Even finding a sales role model to emulate can provide a boost. Many aspiring athletes have sportspeople they look up to; why not in sales? There are lots of sales gurus out there to follow and learn from, like Jill Konrath, Grant Cardone, Mark Hunter, and more.
5. Do get your sales reps to change it up a bit
Many people plateau in their fitness routines. Your body gets used to doing the movements or workouts, and progress seems to slow.
Trainers usually recommend changing up your routine to keep your body guessing, like trying new equipment or checking out a different fitness class. The point is to not let your mind or body become complacent.
Sales reps can switch up their thinking, too. Have them look at your product/service and your customers from a different perspective:
Is anything missing that could help locate new customers or close more deals?
What new opportunities are available with a small change to your process or technique?
Is there a different or emerging industry your team could tap into?
How is your team feeling? If they’re bored or complacent, adding or increasing sales training can give them a fresh outlook on their sales approach and new tactics to try.
It may have taken the sales rep a lot of time and energy to get to where they are now, so they could be feeling burnt out. Encourage them to take a little breather and recognize how much they’ve accomplished. This will help them get back into a positive, forward-looking mindset, ready to tackle the next goal.
6. Don’t go after low-hanging fruit
Don’t let your reps be tempted to short-change your lead qualification process. Going for short-term gains, just to make some quick sales, is not likely to spark much long-term momentum.
To go back to the fitness analogy, these short-sighted “wins” are akin to losing water weight. It seems like there’s forward motion, when really it’s just a temporary placebo effect. In order to make true gains, sales reps will need to do things right.
Your best bet? Make sure everyone continues to properly qualify leads. Only move quality leads down your sales funnel and save your team the time and frustration of poorly-fitting clients. Identify dead-end leads so your team doesn’t waste time chasing prospects who will never convert.
7. Do get everyone organized and prepared for more success
Many gym rats set aside specific times each week for working out. Some keep a gym bag packed and at the ready, so there’s no scramble to find clean socks or a water bottle. This type of efficiency and organization helps them stay disciplined.
In a similar way, a plateau can be a great opportunity for salespeople to set themselves up for future success. This could involve updating or going deeper into the digital tools your team uses, setting up a daily or weekly schedule that aligns with their strategy, plan, and goals, or simply putting their workspaces, physical and virtual, in order.
A clean, organized CRM is a happy CRM. Get reps to give your sales management databases a deep clean. Update contact details, delete or archive old information, and make sure data is tagged and labeled properly for easy searching. Research and add any missing information.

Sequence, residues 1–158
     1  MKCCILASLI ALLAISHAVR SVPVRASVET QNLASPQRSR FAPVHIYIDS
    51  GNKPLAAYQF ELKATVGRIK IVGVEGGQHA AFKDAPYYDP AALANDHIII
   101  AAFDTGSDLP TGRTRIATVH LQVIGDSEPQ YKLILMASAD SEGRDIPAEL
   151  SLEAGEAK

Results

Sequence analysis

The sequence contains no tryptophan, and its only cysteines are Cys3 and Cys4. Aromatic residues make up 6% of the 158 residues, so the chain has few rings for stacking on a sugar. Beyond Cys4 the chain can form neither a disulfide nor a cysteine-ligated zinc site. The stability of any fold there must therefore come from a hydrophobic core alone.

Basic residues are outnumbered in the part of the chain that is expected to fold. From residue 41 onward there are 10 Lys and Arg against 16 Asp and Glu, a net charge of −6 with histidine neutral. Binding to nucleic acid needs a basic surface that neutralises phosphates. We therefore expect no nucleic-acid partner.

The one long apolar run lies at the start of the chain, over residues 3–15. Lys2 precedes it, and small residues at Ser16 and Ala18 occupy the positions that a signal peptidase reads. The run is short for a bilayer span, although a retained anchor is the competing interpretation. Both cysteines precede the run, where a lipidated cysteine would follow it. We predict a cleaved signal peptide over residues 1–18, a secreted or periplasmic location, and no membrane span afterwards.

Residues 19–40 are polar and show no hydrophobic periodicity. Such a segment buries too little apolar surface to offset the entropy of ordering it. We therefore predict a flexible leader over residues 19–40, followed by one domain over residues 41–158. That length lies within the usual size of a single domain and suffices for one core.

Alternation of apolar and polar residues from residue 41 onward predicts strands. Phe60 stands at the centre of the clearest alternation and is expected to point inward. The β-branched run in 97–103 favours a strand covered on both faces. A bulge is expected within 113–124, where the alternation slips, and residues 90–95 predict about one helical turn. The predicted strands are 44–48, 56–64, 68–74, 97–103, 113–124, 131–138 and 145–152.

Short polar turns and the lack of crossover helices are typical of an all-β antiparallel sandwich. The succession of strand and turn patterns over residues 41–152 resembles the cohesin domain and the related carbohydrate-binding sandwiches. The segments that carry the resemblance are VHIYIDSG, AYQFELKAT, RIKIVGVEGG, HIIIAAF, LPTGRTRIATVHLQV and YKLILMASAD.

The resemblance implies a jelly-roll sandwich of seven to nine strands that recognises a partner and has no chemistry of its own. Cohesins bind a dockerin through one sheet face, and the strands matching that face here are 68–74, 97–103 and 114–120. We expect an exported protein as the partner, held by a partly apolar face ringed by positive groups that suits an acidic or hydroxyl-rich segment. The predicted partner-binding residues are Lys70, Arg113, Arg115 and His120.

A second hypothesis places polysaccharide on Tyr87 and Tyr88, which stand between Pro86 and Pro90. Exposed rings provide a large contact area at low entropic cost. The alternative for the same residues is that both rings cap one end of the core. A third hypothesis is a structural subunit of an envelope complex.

8. Don’t let distractions slow them down
Tidying and organizing are great, but make sure that kind of task isn’t turning into a form of procrastination. Help your sales reps avoid traps and distractions, even ones that seem productive on the surface. These will only further slow any return to momentum.
We’ve probably all seen the person at the gym who spends 90 percent of their time “warming up.” Prep work is great and all, but the most important part is doing the darn thing.
There’s also the person who only does a couple reps and then wanders off to do something else. Watch out for time management bad habits that might be limiting your team’s sales potential.
For example, multitasking or switching tasks constantly can be a time suck. Different tasks require different skills and mindsets, so doing more than one thing at a time wastes effort. It’s much more efficient to batch similar tasks together.
9. Do encourage breaks
Now, time management doesn’t mean sales rep can’t take a breather. You want them to be productive and building momentum, but not to the point of burnout.
During a workout, trainers would recommend active rest, like stretching or hydrating. For office situations, I’ve talked about the Pomodoro Method before, which builds rest into the strategy. It involves getting work done in 30-minute chunks—25 minutes on task, with a five-minute break.
Sales reps could use that five minutes go for a head-clearing walk. Grab a coffee. Read a sales blog or watch a training video. Setting aside time to catch their breath, literally and figuratively, gets them ready to go back to work refreshed.
10. Don’t give bad habits a chance to thrive
Successful sales reps put in the time to be productive. Just like in fitness, there really isn’t a silver bullet or a quick fix.
There are some shortcuts out there that do save sales teams time and money, without being detrimental to client relationships. Automating email drip campaigns or templating proposals are two examples. These help get vital information in front of leads promptly, while freeing up more time on the back end for the sales team.
What you shouldn’t stand for are reps taking the type of shortcuts that turn leads off. Bad habits like this include not doing enough research on a potential new client before reaching out (or worse, doing it while they’re on the phone with them), using a cookie-cutter sales approach, or not taking the time to fully understand a lead’s pain points.
Shortcuts like these are not worth it. They end up costing more in lost sales than the time they save, making them inefficient for getting back into the swing of sales momentum.
Bonus reminder: Do stay positive
In sales, as in fitness, there will be times when giving up and just maintaining the status quo starts to sound like a good option. Keeping a positive, can-do attitude is essential, whether it’s sales or health goals you’re chasing.
The important thing is how your sales reps approach the challenge of busting through a sales plateau. Motivation can be quite personal. What motivates one salesperson might not motivate the next. For sales managers, identifying motivators that work for their team members can help them restart or sustain their sales momentum.
Momentum is something that can’t be forced. We can, however, create ideal environments for it to flourish, and encourage it to stick around with these healthy habits for continuous sales growth.